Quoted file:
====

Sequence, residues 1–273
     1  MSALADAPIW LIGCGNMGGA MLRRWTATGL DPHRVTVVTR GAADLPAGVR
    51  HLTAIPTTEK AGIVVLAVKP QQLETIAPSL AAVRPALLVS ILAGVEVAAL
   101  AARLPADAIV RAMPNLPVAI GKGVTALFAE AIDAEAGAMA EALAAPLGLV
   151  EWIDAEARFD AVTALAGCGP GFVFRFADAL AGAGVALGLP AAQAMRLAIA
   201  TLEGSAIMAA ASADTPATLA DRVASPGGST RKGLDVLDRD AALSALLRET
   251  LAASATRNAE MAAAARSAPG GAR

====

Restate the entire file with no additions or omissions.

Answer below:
Sequence, residues 1–273
     1  MSALADAPIW LIGCGNMGGA MLRRWTATGL DPHRVTVVTR GAADLPAGVR
    51  HLTAIPTTEK AGIVVLAVKP QQLETIAPSL AAVRPALLVS ILAGVEVAAL
   101  AARLPADAIV RAMPNLPVAI GKGVTALFAE AIDAEAGAMA EALAAPLGLV
   151  EWIDAEARFD AVTALAGCGP GFVFRFADAL AGAGVALGLP AAQAMRLAIA
   201  TLEGSAIMAA ASADTPATLA DRVASPGGST RKGLDVLDRD AALSALLRET
   251  LAASATRNAE MAAAARSAPG GAR